One of the publishers of the advisory committee commented that their company was considering hiring pure statisticians to work on test design — not data science folks, statisticians. On the other hand, for smaller organisations that use commercial tools for testing, the question of how samples are being built is often shrouded in mystery.

Said the lead data scientist of a large German publisher to me just last month: “I have a PhD in statistics and I don’t want to report confidence intervals vs. p-values for anything because that’s a whole interesting debate. But my point is when when you say something like that, you know things will get misinterpreted anyway. And that’s exactly what’s happening with all these automated tools. You can get some insane, just insane results. And when you talk to their tech, they’ll tell you something nuts like, ‘Oh this has a reliability of 99.9%’ … You don’t know. What does that mean? I have no idea what the tool is doing and it’s a black box.”

• What tests are valuable is also a complex question and an area of endless debates. We know about simple UI tests that seem to show simple uplift (or not). But tests that require long observation of well-kept cohorts are tricky for us in publishing, where so many users use multiple screens, often anonymously.

Do we focus our tests in areas where we can get clean results even if our outcomes are less interesting? And what can we learn from each other about areas that are more interesting to tests, even if results aren’t as clean?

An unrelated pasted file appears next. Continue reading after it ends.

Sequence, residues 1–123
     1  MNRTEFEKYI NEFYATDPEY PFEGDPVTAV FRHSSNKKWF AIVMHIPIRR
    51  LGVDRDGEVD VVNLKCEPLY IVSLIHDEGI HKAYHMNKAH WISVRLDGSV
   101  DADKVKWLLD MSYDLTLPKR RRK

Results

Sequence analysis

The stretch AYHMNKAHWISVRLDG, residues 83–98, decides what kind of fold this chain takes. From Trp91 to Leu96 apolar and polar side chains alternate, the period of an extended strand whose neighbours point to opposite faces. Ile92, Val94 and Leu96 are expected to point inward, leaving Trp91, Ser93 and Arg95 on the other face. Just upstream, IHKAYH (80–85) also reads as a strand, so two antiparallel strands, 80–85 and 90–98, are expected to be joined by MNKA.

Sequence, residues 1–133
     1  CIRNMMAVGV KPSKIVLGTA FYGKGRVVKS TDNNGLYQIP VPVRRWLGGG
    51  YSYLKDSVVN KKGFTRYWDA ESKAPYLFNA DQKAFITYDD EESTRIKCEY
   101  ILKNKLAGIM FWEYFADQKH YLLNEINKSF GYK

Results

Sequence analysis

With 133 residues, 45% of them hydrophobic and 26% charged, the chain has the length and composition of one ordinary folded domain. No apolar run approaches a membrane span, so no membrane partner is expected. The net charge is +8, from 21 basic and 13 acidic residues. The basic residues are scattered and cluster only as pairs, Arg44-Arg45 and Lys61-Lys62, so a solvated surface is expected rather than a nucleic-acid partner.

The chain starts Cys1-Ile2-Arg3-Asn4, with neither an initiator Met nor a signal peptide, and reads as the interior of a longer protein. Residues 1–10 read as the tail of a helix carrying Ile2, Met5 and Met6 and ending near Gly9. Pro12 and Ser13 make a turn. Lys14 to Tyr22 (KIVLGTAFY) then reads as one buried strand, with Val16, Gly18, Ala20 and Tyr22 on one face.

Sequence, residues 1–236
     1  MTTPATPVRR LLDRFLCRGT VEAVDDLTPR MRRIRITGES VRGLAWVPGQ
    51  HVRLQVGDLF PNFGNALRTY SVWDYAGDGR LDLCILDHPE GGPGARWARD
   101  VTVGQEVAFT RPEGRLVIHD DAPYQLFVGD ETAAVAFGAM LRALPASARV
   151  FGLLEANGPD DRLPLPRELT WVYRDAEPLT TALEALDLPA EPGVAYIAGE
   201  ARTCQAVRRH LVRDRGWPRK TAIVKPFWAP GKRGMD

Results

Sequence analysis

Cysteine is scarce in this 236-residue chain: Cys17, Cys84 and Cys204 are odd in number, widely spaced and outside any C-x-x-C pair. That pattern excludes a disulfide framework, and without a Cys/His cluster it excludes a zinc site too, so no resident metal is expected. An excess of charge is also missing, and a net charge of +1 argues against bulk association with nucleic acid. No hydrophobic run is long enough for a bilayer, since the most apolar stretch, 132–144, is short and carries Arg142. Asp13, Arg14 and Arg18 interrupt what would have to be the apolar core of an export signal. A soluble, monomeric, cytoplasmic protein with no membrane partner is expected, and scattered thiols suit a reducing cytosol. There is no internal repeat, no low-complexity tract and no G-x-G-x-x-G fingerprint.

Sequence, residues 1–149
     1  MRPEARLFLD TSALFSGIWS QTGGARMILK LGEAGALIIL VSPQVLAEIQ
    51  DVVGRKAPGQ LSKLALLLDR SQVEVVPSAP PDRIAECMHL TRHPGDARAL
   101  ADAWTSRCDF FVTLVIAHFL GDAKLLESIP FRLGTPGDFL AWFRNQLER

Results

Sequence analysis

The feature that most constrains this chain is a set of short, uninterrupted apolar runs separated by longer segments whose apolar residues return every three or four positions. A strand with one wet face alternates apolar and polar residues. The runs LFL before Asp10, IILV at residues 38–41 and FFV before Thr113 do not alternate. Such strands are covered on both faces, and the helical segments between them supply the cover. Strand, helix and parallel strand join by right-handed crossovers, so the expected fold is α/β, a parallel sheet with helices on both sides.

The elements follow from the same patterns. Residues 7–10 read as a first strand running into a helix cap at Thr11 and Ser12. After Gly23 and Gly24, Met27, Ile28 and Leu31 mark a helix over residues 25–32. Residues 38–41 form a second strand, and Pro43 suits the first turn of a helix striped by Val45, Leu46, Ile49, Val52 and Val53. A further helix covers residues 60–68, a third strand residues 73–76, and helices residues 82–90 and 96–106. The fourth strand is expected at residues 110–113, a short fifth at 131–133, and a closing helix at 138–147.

2. The growth of the data team

This second topic is the winner in terms of its prevalence, according to my interviews and e-mails last year. This touches on both hiring and organisation, but also on questions of how the data team colocates its engineering enablement: Is data engineering in data? Does it stay in engineering? Are product analysts in product? In data?

All of these could be their own self-standing topics I suppose, but this is all to say: lots of ground to cover. 

How and where data teams grow within a media organisation will be key topics in 2023.
How and where data teams grow within a media organisation will be key topics in 2023.

Last year, I took a look at some of the zero-to-one journeys of data teams, which also touched on everyone’s favourite topic (because I guess there are a lot of nerds in these parts): Org charts (prior newsletters on the topic can be found here, here, and here.) Now, I don’t know that I will revisit org charts specifically, but there are at least two really interesting conversations I had recently that offered some high potential for debate:

Where product analysts belonged and what background they should bring to the role. They often lean more to product management in media companies, but elsewhere in tech, they are often deep analytics folks.

A product manager friend also remarked on something that had never occurred to me, which is the career path of product analysts. Often, these are folks who are looking to move into a more traditional product management role, so their incentive is to get deeper in with the PM crowd. That is also different from what you find in tech, where a product analyst’s career will not necessarily affiliate with product but with analytics/data.